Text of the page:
It’s such a sadness that Eddie Murphy has never been truly relevant in the time I’ve been aware enough to pay attention. Always an icon but already deep in the fat suits by the point at which I started learning about his legacy, Eddie Murphy was and is like a Michael Jackson… all of his great material is still right there to be explored, but damn if it doesn’t synch up with his current trajectory (though for MJ that trajectory is now the deeper parts of the cosmos).

That said, maybe the time has come that Murphy will turn things around and return to being a dangerous, consistently hilarious comedian. Okay, probably not, but he’s at least done with the kiddie bullshit for a while.

“I don’t think I’m gonna be doing a lot of family stuff for a while. I don’t have any interest in that right now. There’s really no blueprint, but I’m trying to do some edgy stuff. And I only want to do what I really want to do, otherwise I’m content to sit here and play my guitar all day. I always tell people now that I’m a semiretired gentleman of leisure, and occasionally I’ll go do some work to break the boredom up.”

This comes from a new interview with Rolling Stone in which Murphy lays himself out pretty clearly as a content, generally aloof guy with little to prove. It’s by no means inspiring that the guy might dive back into edgier fare simply for the routine-breaking novelty of it, but he suggests he might even challenge himself with some stand-up once again…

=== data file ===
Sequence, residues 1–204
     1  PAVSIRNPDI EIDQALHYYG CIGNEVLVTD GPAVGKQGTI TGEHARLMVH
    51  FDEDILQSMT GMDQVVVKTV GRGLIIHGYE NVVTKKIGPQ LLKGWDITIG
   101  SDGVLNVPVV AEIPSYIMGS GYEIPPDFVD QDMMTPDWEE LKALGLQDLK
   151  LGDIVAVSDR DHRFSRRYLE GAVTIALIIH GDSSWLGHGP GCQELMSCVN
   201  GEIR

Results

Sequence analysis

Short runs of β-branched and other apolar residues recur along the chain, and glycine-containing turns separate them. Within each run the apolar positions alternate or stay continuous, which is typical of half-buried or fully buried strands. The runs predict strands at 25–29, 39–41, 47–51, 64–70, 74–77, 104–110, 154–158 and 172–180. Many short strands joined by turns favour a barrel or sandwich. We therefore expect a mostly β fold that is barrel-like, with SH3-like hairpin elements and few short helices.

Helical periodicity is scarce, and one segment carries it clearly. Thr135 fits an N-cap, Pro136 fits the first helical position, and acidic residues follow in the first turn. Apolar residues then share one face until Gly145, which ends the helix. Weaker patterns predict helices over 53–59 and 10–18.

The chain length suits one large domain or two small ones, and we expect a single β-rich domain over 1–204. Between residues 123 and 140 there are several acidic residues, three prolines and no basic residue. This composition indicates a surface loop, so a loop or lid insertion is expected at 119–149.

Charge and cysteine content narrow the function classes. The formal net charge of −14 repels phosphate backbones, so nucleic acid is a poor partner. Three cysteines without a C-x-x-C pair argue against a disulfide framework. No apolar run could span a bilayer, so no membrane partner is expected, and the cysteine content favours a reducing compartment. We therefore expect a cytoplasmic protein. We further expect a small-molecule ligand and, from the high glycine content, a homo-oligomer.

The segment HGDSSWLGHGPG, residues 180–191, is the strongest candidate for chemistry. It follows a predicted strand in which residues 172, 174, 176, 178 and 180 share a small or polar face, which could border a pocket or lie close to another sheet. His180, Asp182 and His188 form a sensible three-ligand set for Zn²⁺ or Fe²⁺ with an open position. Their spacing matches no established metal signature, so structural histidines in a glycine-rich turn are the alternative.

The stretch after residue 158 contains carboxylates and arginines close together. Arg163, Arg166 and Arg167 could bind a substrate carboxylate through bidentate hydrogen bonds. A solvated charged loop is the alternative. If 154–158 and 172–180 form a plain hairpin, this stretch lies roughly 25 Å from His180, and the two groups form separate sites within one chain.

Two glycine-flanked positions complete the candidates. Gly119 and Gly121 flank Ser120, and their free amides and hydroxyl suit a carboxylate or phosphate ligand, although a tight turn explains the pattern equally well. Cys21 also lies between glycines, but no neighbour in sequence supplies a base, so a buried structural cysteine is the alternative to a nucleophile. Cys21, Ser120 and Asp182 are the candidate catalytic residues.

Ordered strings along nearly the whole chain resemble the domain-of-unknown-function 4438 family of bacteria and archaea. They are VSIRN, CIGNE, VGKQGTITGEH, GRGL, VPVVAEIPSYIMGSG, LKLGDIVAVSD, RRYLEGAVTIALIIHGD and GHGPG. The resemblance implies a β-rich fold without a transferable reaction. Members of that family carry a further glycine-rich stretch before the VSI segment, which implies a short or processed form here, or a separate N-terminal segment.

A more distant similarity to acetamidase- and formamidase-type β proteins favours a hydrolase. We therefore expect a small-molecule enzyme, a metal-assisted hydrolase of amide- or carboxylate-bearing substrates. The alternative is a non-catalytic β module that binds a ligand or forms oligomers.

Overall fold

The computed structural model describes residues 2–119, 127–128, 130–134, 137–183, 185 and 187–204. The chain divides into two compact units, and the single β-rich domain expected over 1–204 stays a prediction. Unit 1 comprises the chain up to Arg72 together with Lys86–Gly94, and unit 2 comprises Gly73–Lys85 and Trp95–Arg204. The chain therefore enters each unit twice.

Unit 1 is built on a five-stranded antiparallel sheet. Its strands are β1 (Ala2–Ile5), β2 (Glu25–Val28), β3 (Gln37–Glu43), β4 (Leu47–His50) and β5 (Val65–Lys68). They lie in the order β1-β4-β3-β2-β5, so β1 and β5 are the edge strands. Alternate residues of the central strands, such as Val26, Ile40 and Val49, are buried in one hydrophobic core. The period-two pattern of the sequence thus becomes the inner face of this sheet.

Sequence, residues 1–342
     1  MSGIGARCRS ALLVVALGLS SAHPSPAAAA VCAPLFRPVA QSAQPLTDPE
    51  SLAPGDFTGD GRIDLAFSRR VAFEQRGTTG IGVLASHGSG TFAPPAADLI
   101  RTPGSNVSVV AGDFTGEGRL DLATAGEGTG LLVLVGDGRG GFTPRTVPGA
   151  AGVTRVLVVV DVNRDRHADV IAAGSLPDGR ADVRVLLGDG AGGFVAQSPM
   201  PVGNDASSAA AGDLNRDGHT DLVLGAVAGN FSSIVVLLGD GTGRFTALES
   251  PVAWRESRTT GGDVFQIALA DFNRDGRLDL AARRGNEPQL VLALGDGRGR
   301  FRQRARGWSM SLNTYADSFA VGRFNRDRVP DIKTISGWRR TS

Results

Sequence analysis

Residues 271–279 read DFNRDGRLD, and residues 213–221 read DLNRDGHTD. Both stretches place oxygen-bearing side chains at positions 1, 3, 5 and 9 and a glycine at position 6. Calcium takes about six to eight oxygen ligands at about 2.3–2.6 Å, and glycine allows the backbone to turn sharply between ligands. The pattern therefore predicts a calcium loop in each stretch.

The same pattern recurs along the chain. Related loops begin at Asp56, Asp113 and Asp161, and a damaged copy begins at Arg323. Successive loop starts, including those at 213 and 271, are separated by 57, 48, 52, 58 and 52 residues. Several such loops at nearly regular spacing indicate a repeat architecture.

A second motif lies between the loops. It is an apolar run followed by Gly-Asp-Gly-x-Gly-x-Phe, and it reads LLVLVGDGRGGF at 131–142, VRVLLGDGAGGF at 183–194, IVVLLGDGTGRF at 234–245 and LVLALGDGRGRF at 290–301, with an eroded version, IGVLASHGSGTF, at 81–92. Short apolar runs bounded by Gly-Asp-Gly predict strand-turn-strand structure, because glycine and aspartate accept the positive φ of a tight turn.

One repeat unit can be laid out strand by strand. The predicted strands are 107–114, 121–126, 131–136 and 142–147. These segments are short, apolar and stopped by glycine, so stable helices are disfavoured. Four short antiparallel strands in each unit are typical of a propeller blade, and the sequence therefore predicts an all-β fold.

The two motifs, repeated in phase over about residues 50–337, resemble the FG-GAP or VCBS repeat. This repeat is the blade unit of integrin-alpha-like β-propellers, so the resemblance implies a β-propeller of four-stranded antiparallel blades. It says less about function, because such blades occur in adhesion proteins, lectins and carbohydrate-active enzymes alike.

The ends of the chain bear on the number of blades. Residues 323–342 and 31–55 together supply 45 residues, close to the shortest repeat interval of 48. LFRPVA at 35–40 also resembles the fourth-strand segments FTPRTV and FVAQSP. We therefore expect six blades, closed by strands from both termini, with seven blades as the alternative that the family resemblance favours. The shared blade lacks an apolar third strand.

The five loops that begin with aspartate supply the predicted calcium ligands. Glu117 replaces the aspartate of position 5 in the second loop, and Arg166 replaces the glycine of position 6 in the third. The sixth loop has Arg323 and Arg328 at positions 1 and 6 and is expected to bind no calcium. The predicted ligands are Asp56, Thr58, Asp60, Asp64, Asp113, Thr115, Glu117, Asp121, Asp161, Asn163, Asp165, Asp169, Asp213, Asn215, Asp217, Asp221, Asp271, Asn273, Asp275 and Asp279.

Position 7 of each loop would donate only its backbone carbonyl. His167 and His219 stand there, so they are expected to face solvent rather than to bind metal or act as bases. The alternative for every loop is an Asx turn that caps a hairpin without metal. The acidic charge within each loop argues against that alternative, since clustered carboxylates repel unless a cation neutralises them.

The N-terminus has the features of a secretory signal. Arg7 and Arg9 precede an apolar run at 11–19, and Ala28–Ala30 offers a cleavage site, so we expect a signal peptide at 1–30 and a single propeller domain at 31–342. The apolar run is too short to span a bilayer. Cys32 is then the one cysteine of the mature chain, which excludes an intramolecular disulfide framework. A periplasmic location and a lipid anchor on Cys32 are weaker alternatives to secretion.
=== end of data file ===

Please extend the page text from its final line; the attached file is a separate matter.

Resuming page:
“If I ever get back onstage, I’m going to have a really great show for you all,” he says. “An hour and a half of stand-up and about 40 minutes of my shitty band . . . But I haven’t done it since I was 27, so why fuck with it? But that’s just weighing both sides. It comes up too much for me to not do it again. It’s like, when it hits me, I’ll do it, eventually.”

Alright, so many of these quotes are borderline depressing. There doesn’t seem to be much artistic imperative or comedic energy left in him, or at least not much indicated by his decidedly cavalier responses. Still, if he’s open to things other than Norbitt sequels, then there’s the chance the right material might come around and light him up. As for diving back into old wells, he’s also not much interested in that, saying that none of the Beverly Hills Cop sequel scripts did it right. The franchise could live on through a TV show though.

“What I’m trying to do now is produce a TV show starring Axel Foley’s son, and Axel is the chief of police now in Detroit. I’d do the pilot, show up here and there. None of the movie scripts were right; it was trying to force the premise. If you have to force something, you shouldn’t be doing it. It was always a rehash of the old thing. It was always wrong.”

There’s more on the Rolling Stone recap of their interview, and then obviously more in the print issue, so check it out to hear him talk about losing the Oscar and living the life of a successful person.

Are you glad to hear Murphy expressing an interest in a career shift, or has he long since lost you?

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